0

WORKTEC worried about possible base closings

By Ed Brock

Todd Miller is one of many who would lose his job if Army Garrison Fort Gillem in Forest Park is closed.

But for Miller, it would be a lot harder to find another job. When he was 15 years old Miller, now 30, lost his left arm in a shotgun accident. He is one of more than 100 contract laborers at the base provided by WORKTEC Work Training and Employment Center in Jonesboro that helps placed disabled people in jobs.

"I have a family of five and this is a job that supports them," Miller said. "It would be very devastating if this job went away."

Fort Gillem and its parent facility Fort McPherson in Atlanta have been included on the Department of Defense's version of the Base Realignment and Closure (BRAC) list that was released on May 13. It is now in the hands of a special BRAC Committee to determine what bases will stay on the list and which ones will be saved.

The WORKTEC workers provide custodial and lawn maintenance work at the forts. Miller, for example, cleans floors, a job at which he earns "decent money." He doesn't know what he would do if the fort closed.

"I'd start from scratch, probably," Miller said. "It would be very hard to get another job."

WORKTEC, which operates as part of the Clayton County Public Schools System, has had contracts with the Army for more than 20 years, according to Mark Williams, WORKTEC's contract services director, contracts that generate almost $3 million in revenue annually for the program. Their workers clean three million square feet of office space and cut between 200 and 300 acres of grass to earn that money.

Now WORKTEC administrators like Williams are trying to develop an alternative employment plan for Miller and the others.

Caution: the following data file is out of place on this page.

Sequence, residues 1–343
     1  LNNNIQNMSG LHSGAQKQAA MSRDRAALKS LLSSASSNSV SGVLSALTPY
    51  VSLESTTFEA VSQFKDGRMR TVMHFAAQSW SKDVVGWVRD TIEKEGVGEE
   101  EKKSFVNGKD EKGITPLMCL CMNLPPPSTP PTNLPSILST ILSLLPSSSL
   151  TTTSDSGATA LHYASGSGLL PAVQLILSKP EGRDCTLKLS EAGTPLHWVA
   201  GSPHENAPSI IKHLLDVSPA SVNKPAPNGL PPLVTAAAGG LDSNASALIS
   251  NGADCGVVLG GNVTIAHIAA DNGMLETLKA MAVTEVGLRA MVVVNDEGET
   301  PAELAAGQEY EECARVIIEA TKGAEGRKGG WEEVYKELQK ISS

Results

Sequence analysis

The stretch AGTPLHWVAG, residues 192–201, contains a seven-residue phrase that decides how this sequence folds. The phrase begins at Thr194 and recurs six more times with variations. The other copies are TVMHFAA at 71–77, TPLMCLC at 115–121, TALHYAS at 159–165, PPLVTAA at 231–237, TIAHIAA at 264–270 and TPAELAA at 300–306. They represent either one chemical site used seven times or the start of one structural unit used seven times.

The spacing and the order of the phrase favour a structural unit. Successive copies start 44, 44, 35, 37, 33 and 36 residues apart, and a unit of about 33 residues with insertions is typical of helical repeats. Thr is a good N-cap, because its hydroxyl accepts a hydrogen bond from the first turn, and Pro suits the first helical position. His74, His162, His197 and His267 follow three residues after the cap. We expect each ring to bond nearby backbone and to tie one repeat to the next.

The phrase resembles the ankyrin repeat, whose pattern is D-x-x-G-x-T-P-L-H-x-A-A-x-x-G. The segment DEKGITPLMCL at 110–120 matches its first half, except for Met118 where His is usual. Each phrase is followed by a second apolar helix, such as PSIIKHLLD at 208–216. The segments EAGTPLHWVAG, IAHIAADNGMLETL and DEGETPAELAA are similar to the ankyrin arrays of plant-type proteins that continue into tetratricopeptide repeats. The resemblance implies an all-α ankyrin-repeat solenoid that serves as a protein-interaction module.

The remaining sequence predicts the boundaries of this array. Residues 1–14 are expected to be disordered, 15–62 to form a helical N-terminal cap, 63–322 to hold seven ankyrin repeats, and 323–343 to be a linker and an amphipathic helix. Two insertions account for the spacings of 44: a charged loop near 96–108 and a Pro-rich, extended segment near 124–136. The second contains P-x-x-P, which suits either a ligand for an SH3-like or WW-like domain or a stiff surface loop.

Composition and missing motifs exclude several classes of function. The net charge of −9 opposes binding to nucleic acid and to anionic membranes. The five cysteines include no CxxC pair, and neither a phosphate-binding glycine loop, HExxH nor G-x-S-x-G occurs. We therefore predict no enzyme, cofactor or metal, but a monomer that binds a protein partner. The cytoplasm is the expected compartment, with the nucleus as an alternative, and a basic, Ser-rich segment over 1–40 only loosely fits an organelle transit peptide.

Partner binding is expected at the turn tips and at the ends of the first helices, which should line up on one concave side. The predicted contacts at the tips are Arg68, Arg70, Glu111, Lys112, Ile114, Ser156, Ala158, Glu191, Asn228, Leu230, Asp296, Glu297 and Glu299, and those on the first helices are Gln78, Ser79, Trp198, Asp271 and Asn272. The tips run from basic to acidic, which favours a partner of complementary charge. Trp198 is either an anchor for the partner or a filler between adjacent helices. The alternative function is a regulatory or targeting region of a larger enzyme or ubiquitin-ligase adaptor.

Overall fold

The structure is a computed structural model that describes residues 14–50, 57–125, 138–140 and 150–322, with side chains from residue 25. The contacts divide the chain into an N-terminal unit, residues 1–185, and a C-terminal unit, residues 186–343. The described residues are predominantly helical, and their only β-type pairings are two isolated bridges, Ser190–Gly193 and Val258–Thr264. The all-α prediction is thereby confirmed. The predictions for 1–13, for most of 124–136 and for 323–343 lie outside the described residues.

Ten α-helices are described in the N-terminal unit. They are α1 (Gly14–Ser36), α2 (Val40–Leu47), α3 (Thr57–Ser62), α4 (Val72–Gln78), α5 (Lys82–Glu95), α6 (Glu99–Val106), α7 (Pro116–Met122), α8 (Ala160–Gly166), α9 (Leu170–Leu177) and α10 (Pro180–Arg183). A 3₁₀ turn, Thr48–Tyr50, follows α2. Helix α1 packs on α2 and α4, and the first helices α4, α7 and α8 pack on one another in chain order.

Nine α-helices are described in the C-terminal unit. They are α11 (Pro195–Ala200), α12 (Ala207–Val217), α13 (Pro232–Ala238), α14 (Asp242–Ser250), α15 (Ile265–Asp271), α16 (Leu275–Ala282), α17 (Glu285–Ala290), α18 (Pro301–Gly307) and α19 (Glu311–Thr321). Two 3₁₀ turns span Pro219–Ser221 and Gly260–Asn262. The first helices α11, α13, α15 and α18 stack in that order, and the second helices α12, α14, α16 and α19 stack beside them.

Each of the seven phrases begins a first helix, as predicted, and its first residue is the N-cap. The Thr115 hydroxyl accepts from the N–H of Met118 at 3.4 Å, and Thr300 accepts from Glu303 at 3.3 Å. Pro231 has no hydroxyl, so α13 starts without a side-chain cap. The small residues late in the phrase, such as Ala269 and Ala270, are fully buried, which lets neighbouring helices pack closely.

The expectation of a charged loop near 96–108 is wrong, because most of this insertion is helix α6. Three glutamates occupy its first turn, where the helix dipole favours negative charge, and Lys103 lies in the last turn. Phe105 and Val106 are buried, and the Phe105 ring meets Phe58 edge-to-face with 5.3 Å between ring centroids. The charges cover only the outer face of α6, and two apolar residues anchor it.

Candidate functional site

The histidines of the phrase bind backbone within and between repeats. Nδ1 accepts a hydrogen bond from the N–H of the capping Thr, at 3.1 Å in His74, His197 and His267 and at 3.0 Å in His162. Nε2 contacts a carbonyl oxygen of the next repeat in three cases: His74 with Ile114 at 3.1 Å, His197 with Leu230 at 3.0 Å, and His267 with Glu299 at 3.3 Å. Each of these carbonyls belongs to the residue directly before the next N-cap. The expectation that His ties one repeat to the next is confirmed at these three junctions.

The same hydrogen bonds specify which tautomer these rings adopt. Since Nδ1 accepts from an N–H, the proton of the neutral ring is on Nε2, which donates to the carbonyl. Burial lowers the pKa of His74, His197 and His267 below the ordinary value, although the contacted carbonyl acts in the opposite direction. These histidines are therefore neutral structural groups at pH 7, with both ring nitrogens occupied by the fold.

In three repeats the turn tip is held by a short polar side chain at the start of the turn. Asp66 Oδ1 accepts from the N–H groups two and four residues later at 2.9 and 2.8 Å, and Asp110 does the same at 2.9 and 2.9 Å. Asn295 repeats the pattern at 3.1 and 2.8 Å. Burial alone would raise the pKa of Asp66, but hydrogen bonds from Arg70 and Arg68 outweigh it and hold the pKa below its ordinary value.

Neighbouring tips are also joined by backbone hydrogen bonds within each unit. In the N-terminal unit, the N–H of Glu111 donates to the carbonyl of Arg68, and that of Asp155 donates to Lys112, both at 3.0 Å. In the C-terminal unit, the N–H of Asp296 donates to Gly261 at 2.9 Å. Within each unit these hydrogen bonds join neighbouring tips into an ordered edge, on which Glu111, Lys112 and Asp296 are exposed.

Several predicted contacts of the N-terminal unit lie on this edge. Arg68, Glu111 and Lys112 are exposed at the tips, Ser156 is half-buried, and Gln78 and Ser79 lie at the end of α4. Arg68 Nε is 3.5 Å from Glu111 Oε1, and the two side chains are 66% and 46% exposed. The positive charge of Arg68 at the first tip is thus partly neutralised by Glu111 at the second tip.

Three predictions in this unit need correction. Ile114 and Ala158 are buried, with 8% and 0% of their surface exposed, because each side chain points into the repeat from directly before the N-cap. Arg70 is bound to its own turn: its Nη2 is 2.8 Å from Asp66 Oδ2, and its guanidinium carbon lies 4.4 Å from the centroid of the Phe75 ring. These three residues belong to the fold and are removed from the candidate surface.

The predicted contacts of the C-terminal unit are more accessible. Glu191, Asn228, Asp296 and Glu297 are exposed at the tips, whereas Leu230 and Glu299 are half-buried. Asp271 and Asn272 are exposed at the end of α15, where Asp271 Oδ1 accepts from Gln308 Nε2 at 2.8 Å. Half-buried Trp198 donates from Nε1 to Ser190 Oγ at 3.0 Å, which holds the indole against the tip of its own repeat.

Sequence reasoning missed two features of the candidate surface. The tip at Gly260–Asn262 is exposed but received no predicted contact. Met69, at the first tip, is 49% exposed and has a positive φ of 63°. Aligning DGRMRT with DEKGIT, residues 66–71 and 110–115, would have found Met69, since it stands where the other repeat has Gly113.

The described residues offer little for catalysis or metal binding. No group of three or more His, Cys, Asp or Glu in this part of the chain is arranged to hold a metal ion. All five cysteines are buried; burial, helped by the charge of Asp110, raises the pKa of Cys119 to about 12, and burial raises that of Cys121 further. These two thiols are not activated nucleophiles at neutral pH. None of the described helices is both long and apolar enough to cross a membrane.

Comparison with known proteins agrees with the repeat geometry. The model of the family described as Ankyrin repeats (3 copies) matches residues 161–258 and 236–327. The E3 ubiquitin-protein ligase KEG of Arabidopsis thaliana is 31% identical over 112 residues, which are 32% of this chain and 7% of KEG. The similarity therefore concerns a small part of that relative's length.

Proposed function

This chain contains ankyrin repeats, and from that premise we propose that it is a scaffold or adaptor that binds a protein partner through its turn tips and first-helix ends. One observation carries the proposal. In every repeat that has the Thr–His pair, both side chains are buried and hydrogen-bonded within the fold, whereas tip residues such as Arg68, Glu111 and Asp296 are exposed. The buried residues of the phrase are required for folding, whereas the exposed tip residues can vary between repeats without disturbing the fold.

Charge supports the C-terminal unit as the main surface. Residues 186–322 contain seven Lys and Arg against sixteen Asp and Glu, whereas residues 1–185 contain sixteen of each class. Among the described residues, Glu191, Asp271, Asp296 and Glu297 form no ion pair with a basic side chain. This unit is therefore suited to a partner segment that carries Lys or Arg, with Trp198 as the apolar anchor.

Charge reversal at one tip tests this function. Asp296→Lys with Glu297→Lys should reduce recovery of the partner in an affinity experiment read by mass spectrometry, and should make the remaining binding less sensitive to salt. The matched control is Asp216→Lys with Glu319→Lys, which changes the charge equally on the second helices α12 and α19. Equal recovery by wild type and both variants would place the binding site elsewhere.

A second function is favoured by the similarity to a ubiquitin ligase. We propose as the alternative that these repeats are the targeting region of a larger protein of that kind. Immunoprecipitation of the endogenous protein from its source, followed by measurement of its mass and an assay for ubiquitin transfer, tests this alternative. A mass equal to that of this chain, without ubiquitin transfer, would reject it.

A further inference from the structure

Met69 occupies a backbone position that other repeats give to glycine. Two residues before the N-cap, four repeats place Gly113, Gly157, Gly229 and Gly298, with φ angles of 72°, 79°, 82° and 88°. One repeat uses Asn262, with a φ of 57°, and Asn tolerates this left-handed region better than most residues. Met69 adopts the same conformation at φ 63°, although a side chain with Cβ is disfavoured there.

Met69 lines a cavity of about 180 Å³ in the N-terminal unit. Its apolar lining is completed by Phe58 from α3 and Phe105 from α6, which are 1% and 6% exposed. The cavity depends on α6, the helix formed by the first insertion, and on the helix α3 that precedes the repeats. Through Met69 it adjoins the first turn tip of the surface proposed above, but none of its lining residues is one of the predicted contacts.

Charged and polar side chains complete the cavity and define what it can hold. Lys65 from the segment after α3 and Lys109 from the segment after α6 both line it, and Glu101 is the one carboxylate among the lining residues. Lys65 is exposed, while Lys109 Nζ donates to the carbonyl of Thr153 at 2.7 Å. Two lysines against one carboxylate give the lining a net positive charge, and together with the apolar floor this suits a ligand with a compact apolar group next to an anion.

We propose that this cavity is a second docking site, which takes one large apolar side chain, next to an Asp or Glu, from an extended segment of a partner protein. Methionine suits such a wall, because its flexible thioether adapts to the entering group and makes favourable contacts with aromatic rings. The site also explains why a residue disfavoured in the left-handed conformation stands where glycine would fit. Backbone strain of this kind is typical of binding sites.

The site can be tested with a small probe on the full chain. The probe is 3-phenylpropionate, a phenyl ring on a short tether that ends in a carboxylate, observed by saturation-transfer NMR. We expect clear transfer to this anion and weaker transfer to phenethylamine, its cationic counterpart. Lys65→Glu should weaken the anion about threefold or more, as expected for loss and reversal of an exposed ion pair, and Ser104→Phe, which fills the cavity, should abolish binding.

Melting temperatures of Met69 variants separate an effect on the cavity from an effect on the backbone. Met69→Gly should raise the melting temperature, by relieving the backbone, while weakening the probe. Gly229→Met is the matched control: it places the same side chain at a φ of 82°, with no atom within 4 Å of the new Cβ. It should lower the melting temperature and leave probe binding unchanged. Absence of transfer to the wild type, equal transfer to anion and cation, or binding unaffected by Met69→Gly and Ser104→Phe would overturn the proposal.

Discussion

"If the forts close we hope the locations will become a commercial contract depending on who takes ownership," Williams said. "Military bases don't close overnight. We have enough time to evaluate our abilities and review how we perform and where."

Williams said WORKTEC is exploring community opportunities outside of federal contracts.

The unemployment rate among disabled people is around 70 percent, but the turnover rate for WORKTEC workers is less than 10 percent, according to Williams. Employment provides independence and self-confidence for disabled people, Williams said, and it decreases the amount of income they must collect from the government.

On June 30 the BRAC Commission will hold a public hearing in Atlanta to hear arguments for saving Forts Gillem and McPherson and the two other Georgia bases on the list, Naval Air Station in Marietta and Navy Supply Corps School in Athens.

"We'll definitely get as many people as we can to go up there," said Angie Watkins, Miller's supervisor.

Fort McPherson and Fort Gillem are home to headquarters for the U.S. Army Forces Command, 3rd U.S. Army and U.S. Army Reserve Command. Scott said Atlanta would be vulnerable to terrorist attacks if the bases were closed.

Fort McPherson is one of the nation's oldest bases, in use since the 1880s. Combined with Fort Gillem, it is Atlanta's seventh largest employer with a civilian and military payroll of 4,141 people.

Losing the forts could drain about $670 million a year from the local economy, said U.S. Rep. David Scott, D-Georgia.